Q. What do you love about your sport?
I love the game of baseball because it includes both an individual and team aspect in order to win. As a pitcher, you are competing directly with the hitter in the batter’s box. Once the pitch is thrown, however, it is up to the team to field the ball or throw the runner out. I love this team aspect.
Q. What would surprise people about your sport or how you execute?
Since I am mild mannered most of the time, it would surprise people that I am very intense during competition. To me, there is no better feeling than working hard in order to help the team succeed. When either myself or one of my teammates helps the team win, I will show it.
Q. What are you most proud of in terms of personal or team accomplishments?
I am extremely proud of the resiliency that my team possesses on a daily basis. After a few below-average seasons, my team could have given up. Instead, during the lowest of lows, we decided to work harder. We consistently push ourselves in the weight room, at practice, and on our own time in order to improve our status throughout the Big East.
On an individual basis, I am very proud that I am within the top 10 all-time for appearances throughout a career for any pitcher that has come through the program. This is a testament to my consistent hard-working mentality that I have possessed throughout my career.
Q. How would you describe the time commitment?
The time commitment between nursing school and baseball is very intense. However, it is not impossible. For example, a typical day consists of class from 8:30-11:30/1:20, practice from 1:30 to 4:30/5, and then two hours of studying (give or take) per day. The most challenging aspect to my day is finding healthy food options and maintaining a solid sleep schedule.
Q. What characteristics does someone needs to be a successful nursing student-athlete?
To be a successful nursing student-athlete, one must possess good time management skills as well as solid study habits. Sports help you figure out a schedule that works for you. The challenge is sticking to it. Realistically, no one wants to study after a long day of class, lift, and practice. It’s imperative that we remember that our hardships now correlate to the care we provide our patients in the future. If we do not work hard, we are putting our future patients at risk.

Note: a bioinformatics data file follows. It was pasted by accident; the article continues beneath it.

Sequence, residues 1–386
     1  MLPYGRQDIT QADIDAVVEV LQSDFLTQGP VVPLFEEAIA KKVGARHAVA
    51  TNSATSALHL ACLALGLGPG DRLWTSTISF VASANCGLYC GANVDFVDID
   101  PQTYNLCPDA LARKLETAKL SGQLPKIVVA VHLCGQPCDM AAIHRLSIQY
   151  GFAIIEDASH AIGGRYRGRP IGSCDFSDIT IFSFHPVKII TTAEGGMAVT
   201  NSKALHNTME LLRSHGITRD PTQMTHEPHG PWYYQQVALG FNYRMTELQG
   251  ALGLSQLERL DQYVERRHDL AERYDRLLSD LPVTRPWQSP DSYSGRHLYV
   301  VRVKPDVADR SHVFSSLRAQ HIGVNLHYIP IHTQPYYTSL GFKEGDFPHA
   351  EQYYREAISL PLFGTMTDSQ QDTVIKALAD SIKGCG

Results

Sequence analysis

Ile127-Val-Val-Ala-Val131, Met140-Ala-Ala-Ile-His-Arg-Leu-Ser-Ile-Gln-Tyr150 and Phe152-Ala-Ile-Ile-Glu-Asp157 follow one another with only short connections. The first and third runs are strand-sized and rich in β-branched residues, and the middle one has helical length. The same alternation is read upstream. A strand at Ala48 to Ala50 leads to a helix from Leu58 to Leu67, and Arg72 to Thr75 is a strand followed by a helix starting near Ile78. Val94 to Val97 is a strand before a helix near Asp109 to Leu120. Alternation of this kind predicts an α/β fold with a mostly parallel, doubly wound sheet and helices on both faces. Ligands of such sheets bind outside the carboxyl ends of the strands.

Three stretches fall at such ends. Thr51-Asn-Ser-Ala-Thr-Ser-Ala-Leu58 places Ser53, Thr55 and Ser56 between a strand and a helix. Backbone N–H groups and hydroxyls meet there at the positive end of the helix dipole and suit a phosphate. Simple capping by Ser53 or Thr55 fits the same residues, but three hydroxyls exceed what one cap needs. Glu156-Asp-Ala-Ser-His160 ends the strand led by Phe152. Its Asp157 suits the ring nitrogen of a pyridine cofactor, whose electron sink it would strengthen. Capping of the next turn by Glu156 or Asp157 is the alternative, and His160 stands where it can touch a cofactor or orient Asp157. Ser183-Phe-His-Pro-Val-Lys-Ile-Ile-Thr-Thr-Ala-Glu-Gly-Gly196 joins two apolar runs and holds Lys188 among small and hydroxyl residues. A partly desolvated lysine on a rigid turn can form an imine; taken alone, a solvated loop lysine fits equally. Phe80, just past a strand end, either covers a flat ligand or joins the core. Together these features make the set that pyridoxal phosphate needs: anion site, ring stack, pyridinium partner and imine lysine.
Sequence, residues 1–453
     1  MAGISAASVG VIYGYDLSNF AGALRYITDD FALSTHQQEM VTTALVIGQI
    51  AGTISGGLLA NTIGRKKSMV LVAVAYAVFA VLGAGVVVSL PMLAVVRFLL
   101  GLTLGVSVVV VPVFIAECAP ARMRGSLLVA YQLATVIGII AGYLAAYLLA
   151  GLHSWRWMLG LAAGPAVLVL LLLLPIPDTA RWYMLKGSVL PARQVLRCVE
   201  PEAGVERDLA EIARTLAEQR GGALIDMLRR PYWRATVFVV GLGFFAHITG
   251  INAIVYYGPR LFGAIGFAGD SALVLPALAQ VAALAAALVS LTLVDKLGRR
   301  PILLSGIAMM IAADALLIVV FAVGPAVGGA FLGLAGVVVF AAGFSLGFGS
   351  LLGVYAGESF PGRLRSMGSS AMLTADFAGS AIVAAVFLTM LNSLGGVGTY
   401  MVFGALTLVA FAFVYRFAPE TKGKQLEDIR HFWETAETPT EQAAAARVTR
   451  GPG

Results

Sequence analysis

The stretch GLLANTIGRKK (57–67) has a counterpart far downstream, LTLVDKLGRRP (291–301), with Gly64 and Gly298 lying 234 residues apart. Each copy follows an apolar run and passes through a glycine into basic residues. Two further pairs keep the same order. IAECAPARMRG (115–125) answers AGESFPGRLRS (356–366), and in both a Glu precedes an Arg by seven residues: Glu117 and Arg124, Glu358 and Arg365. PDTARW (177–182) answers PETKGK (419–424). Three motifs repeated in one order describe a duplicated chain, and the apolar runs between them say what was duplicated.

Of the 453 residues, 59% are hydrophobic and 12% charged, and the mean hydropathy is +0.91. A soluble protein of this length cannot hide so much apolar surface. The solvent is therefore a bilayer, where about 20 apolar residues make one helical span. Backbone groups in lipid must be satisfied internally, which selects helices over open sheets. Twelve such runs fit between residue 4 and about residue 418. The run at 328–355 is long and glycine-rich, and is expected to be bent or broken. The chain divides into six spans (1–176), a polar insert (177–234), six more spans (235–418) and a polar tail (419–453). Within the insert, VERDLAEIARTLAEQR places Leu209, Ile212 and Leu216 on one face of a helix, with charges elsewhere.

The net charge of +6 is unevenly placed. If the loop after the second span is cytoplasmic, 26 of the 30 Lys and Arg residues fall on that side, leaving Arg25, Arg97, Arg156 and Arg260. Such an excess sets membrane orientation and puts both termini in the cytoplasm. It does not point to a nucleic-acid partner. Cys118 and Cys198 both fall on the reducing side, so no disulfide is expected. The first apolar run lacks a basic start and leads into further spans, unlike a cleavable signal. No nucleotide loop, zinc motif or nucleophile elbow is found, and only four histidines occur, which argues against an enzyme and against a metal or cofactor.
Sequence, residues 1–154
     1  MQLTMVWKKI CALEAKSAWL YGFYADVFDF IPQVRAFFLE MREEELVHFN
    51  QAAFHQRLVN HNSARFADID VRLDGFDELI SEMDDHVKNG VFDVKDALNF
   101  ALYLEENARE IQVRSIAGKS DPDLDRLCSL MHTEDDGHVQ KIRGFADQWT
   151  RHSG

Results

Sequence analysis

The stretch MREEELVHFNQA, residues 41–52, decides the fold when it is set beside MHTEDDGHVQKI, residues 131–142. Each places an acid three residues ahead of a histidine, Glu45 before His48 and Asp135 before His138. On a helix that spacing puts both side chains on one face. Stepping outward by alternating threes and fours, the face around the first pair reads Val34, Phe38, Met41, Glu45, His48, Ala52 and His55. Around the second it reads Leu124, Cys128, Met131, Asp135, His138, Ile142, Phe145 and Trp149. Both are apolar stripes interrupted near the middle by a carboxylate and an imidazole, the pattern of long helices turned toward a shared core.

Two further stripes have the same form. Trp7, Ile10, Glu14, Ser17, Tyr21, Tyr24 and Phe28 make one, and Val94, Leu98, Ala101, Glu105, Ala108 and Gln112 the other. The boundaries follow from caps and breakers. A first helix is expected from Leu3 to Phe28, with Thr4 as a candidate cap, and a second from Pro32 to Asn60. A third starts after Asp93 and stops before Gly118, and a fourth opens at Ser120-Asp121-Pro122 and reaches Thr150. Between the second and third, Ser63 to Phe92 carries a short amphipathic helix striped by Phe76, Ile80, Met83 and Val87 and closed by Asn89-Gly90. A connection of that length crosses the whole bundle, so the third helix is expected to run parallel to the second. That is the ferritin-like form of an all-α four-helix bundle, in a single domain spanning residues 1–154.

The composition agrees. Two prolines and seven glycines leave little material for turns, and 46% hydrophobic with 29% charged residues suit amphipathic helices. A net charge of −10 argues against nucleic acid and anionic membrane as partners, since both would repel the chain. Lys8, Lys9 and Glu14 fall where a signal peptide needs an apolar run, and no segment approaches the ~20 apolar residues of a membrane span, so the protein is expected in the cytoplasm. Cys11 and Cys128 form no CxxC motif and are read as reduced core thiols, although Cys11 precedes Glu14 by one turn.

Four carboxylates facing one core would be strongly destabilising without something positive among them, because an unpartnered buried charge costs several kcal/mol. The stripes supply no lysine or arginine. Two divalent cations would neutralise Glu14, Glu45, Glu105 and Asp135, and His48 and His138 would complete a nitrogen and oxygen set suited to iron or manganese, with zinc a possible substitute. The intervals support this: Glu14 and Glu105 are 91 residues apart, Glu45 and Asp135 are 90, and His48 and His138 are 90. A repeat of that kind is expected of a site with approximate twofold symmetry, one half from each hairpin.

Q. What are your biggest challenges as a nursing student-athlete?
The biggest challenges I face as a nursing-student athlete include healthy eating habits and a consistent sleep schedule. As an athlete, we do not have a lot of time between class and practice to cook/buy healthy food options to fuel our day. Most of the time we grab a protein bar or shake to help hold us over, which we know isn’t as good for you as a premade meal.
As a nursing major, our sleep is typically diminished as it is. I have found throughout the years that I cannot stay up until 1am studying if I want to perform at my highest level both academically and athletically the next day. Personally, I have found that waking up earlier in the morning allows me to get the necessary sleep I need to complete my day.
Q. Where do you find your inspiration as either an athlete or nursing student?
My inspiration stems from my parents, teachers, and coaches. My parents have engrained into my thought pattern to never give up or defeat myself when times get challenging. My teachers consistently push my limits academically in order to prepare me to be the best nurse I can be for my patients. Finally, my coaches test me on daily basis to expand my athletic skills through competition. All three of these dimensions consistently inspire me to become the best that I can be in every aspect of my life.
Q. What do you want to do with your nursing career?
After graduation, I strive to work in an Intensive Care Unit somewhere within the City of Philadelphia or throughout New Jersey. After gaining experience within this setting, I aim to go back to school to attain a Doctorate in Nursing Practice with a focus in Anesthesia (CRNA). Although these are my present goals, they are always subject to change.
Q. What advice would you give an incoming nursing student-athlete?
If I were to speak to an incoming nursing student-athlete, I would advise them to always think of the patient when performing a task. Always give 100% effort in every aspect of life, because you do not want to look back and say, “I should have worked harder at this.” You will be able to become the most academically and athletically sound individual you want yourself to be here at Villanova.
Q. Anything else you want to share?
Do not be afraid to be different. I am one of four males in the senior class that study Nursing here at Villanova. In addition to this, I am the first baseball player to enter and complete the program. Do not be afraid to change a stigma of nursing that revolves around it just being for women. We provide great insight for the profession!